My LES: Alysha Coleman
For our regular feature spotlighting the people who live and work on the Lower East Side, we talked with tenants’ rights activist and long-time resident Alysha Coleman.
How long have you lived on the Lower East Side?
I have lived on the LES for more than 30 years.
Why did you move here?
My parents moved here in the ‘70s because, as my mom said, “it’s a community that accepts you as you are. My mom was mixed, so she felt comfortable down here–more so than in the predominately African-American communities where my other family members lived. I stayed for my siblings; they have special needs and this neighborhood is a familiar place to call home.
What do you do?
I am currently in the healing process. I was diagnosed with stage-two breast cancer in 2010. Lost both breasts and underwent a year of chemotherapy. I am still on a daily med for five years, but in remission. I was a site coordinator for University Settlement (a Lower East Side nonprofit), after-school/summer camp, which was one of their first sites in Brooklyn.
Tell us about your apartment – the good, the bad and the ugly.
I have lived in the Thelma Burdick Apartments (aka 10 Stanton St.) since August, 1985. We are a Section 8 project, which means the rent goes according to 30 percent of your household income. When we moved into our building, it was like heaven… However, times got hard and management changed. We (tenants’ association and residents) have to fight for every little thing. It’s down to the basic necessities at times: stoves, refrigerators, heat and hot water. Repairs take months to complete. Our community rooms had to be negotiated to be returned for use of the residents… We lost our backyard to developers. However, it has pushed our residents to stay active on the tenants’ association and community board.
What’s your favorite spot on the LES and why?
My favorite meeting spot has always been Tompkins Square Park. I remember swimming in the pool there as a kid. Taking my boys there on playdates and having lunch with friends.
Favorite cheap eats?
My favorite cheap eats and reading zone is the Native Bean on Avenue A and East Third Street.
Favorite place for a special night?
My favorite place to hang has been BOHO Karaoke on Orchard. I can unwind and sing some old school tunes without judgments. I’m no American Idol, but I can hold my own. Oh, and the wings at One and One are yummy.
How have you seen the neighborhood change?
I have seen so many changes in this community! The buildings are a lot taller. The supermarkets are very expensive. Most of the mom-and-pop stores are gone (due to rent increases). I have seen an increase in nightlife activity; meaning every block seems to house a bar or lounge. Youth involvement, especially teens, has decreased. There are very limited Friday and Saturday night safe spaces for our teens. Housing is no longer affordable; rent goes up but not income. Churches are being knocked down. There are overcrowded clinics that don’t provide enough extended hours or affordable prices for low-income, working people. And 7-Eleven has come to the LES!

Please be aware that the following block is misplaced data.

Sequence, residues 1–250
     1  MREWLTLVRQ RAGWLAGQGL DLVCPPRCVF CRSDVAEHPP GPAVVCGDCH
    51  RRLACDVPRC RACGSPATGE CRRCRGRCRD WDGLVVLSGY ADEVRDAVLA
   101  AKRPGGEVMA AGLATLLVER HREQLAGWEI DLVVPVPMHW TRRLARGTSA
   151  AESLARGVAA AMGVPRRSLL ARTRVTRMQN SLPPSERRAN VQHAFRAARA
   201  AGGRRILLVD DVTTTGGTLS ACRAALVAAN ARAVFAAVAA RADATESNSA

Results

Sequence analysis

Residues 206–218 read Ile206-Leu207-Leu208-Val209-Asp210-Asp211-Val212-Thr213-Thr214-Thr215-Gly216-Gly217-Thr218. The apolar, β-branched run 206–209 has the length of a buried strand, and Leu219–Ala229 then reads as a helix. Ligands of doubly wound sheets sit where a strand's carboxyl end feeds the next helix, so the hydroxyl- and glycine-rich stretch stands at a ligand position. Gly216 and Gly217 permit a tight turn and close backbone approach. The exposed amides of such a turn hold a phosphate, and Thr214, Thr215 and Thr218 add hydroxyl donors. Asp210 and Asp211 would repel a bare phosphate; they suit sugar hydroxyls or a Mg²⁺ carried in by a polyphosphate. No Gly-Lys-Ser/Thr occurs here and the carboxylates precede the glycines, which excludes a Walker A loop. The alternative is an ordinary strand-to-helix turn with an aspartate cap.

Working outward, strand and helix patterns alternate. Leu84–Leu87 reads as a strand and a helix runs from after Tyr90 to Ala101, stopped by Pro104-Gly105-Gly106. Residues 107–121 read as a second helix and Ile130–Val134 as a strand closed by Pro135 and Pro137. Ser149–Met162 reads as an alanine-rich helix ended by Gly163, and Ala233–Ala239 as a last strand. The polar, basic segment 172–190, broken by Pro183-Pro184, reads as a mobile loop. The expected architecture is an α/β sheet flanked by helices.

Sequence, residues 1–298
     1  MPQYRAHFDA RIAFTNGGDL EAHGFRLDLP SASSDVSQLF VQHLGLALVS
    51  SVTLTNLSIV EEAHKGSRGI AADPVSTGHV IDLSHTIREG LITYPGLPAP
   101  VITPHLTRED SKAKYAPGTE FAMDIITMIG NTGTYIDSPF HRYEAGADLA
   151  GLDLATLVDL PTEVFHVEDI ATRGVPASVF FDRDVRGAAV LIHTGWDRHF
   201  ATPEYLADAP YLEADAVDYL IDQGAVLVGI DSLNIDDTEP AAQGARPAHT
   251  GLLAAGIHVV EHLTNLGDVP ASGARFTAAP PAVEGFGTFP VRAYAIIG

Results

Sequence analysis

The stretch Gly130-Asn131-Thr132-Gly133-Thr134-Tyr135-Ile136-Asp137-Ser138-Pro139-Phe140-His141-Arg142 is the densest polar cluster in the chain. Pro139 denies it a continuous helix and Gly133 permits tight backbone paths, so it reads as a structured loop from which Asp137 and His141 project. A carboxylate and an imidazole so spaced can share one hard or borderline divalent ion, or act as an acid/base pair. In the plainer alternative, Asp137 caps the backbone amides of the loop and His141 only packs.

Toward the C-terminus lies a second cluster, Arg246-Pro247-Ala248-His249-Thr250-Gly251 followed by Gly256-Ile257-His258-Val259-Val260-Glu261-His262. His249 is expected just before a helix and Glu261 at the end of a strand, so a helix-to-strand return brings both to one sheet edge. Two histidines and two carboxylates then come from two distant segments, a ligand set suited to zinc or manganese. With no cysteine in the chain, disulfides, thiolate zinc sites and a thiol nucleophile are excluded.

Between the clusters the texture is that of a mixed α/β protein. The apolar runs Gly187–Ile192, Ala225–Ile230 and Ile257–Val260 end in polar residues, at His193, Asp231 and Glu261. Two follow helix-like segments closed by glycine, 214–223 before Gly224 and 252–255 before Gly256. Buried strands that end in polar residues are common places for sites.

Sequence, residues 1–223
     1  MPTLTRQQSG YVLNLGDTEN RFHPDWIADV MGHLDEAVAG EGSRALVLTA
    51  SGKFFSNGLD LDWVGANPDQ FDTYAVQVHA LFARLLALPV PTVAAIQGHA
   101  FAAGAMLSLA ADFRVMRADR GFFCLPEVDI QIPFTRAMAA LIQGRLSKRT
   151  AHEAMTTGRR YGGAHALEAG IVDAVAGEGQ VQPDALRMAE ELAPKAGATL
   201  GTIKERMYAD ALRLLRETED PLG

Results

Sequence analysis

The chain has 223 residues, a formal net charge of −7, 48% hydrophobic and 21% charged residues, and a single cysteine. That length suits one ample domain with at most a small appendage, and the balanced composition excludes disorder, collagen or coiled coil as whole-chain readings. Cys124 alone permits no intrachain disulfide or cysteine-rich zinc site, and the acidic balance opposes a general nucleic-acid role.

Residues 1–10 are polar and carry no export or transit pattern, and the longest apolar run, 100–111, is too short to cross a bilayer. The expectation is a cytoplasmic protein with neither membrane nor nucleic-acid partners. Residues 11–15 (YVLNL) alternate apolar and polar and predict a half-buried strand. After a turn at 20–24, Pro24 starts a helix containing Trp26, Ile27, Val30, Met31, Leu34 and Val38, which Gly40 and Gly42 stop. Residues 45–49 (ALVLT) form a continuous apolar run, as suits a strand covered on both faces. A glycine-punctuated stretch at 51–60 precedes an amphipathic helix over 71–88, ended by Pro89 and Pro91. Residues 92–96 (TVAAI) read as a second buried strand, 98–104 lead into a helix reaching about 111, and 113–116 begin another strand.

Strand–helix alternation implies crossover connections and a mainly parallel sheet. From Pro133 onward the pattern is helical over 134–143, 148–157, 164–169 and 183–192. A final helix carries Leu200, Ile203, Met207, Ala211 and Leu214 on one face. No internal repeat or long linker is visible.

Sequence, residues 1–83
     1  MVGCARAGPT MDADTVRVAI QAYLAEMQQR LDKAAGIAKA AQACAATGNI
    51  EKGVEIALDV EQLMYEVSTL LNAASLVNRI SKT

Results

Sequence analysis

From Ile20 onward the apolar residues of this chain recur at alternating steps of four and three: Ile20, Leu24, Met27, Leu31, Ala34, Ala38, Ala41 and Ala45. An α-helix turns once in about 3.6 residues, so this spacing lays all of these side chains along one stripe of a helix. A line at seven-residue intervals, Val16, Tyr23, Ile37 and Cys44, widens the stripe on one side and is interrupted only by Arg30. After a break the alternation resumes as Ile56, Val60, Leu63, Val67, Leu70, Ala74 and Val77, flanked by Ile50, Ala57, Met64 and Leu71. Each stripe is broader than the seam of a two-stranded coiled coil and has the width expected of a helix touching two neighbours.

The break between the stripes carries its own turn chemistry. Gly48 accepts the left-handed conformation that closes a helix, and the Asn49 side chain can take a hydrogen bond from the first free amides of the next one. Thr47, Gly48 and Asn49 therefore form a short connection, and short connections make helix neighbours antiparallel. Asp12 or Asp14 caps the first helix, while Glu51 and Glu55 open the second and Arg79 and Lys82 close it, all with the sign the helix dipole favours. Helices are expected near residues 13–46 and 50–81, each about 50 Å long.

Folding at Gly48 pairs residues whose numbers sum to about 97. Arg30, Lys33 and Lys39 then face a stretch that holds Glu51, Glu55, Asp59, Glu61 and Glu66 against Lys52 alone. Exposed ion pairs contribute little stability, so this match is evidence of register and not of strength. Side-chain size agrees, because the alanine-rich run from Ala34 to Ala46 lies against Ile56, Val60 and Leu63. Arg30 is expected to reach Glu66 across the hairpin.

What do you miss from the old LES?
What I miss most are the family-style restaurants and diners.
Is there a new arrival you love?
There is a new boutique that just opened up down the street from me: Curvaceous K on Stanton off Clinton Street. Hip, fresh clothing for the plus-size ladies. I’m a big girl and I like to look fresh! Lol!
What drives you crazy about the neighborhood?
I don’t like people that disrespect our community. I don’t like the people that use us and throw us away, the ones that vomit and urinate on our streets and leave. I don’t like people that block the sidewalks while they wait in line for a bar or restaurants. Lastly, I don’t like people that don’t get involved in something; if you’ve live here and have kids here, it affects you.
What’s the strangest thing you’ve ever seen on the LES?
What’s the strangest thing I’ve ever seen? Please, it’s the Lower East Side, and it’s all strange! Gotta love it!
Who’s the best neighborhood character you’ve met and why?
I actually have two characters: Mr. Purple: he owned a building and garden on Forsyth Street and lost it to the city developers. He taught me to appreciate the gardens in my community. Every time we went into his garden, we had to hug the big tree.
My friend and mentor: Marie Christopher, tenants’ association president of 210 Stanton and community activist. She taught me how fight without using my fist. She told me the only way to get my landlord to respect me was to get educated on the HUD rules and regulations. We lost her this year.
Tell us your best LES memory.
My mom, Brenda Lewis, worked on what was going to be our home at 66 Ave. C. She was a homesteader. My mom couldn’t afford childcare, so she found an older woman, Sara Farley, to supervise us. Ms. Sara was an African-American woman that held the history of the LES down on East Sixth Street. She would come up with creative ways to keep me and my brothers busy. One was working on Jesse Jackson’s campaign for president. Me and my brothers rode on his float and handed out flyers all over the LES. We felt like celebrities.